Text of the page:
In an op-ed in The Hill on March 14, 2017, U.S. Sen. Bill Cassidy stated that it is a myth that “cutting funding for coverage means that society saves money.”

Yet six months later, he is spearheading legislation that drastically cuts coverage and benefits for thousands of our most vulnerable Louisianians. His actions are in direct conflict with his previous words: “This (cutting coverage) does not contribute to life and the pursuit of happiness. It is better to give patients adequate coverage. Ultimately, society pays.”

Cassidy is actively and knowingly pursuing an approach that would force society — and in particular, low-income, working families — to move to a more inefficient, expensive health care system. He is working against the best interest of the Louisiana constituents he represents and driving our nation away from the pursuit of happiness.

The Cassidy-Graham repeal plan would make drastic cuts to federal funding for Medicaid and other coverage programs. It would eliminate the ACA’s Medicaid expansion, which covers nearly 435,000 Louisianians. It would also eliminate tax credits that help more than 122,000 moderate-income Louisianians afford marketplace coverage. A far smaller federal block grant would replace both, which would force Louisiana to cut coverage and benefits. It would also restructure the rest of the Medicaid program for seniors, the disabled and children by capping and deeply cutting payments, leaving states few options except to, again, cut coverage and benefits.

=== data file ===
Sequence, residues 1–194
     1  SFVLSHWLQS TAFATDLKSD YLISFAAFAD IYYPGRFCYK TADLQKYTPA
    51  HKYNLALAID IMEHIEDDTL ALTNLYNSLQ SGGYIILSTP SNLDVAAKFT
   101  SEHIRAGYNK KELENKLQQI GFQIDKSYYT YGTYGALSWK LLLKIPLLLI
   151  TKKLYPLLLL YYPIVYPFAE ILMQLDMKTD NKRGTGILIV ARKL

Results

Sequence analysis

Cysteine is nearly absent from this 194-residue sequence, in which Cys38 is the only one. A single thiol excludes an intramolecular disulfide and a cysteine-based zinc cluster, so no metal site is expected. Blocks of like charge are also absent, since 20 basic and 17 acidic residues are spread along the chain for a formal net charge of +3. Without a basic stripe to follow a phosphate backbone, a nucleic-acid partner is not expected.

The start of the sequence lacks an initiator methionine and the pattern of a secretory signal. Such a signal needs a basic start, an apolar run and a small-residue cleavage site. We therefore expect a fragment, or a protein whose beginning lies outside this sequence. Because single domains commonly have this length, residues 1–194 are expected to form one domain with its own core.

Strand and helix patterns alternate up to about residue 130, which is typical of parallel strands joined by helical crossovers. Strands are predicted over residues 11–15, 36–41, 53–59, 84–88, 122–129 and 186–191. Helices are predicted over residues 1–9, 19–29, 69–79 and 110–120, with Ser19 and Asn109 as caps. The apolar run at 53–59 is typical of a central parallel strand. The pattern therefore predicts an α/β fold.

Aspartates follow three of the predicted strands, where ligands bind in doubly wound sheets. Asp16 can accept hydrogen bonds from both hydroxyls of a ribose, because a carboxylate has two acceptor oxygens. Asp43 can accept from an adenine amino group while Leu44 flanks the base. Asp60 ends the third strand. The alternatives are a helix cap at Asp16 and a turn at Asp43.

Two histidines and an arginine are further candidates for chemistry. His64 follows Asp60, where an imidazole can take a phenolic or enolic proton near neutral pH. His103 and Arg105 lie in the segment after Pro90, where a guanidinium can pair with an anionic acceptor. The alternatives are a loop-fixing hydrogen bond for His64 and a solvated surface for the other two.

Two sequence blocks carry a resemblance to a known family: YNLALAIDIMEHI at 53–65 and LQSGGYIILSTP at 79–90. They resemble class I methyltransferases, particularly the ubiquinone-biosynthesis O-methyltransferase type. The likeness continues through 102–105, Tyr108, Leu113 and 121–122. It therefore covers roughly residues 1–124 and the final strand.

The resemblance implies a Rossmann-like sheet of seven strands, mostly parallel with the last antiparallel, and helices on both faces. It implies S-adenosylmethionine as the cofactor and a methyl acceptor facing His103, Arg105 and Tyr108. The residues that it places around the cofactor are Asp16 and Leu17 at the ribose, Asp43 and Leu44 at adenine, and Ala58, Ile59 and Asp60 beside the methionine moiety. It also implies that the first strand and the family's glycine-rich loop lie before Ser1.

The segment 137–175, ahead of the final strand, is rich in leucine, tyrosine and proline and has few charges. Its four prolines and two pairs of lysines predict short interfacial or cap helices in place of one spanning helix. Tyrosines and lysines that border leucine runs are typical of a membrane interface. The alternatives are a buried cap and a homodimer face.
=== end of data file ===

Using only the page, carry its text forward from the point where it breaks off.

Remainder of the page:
Even more concerning is that in 2026 these block grants would disappear completely — as if the need for coverage among low- and moderate-income Louisianians would somehow vanish overnight. Louisiana would then experience a more than $3.2 billion cut in funding for health care in 2026, with the cuts growing even larger in subsequent years.

Furthermore, neither the block grant nor the caps to the regular Medicaid program would adjust (as Medicaid and marketplace programs do today) for public health emergencies like the opioid crisis or new prescription drugs to cure disease. When people and states need help most, this legislation would deny them that assistance.

As a physician, Cassidy has a unique perspective, and I agree with his previous statement, “The fact is that it is better to pay for the care that someone is going to receive no matter what, so as to maximize an American’s potential to contribute to society, than to instead pay for expensive, inefficient, episodic care which watches a patient decline and burdens families and society. We should maximize potential. It is good policy. It is good politics.”

Senator Cassidy is going against his own statements and beliefs and, in his words, practicing bad policy and bad politics. He is furthering his own political agenda at the expense of Louisianians.

Susan Todd

executive director, 504HealthNet

New Orleans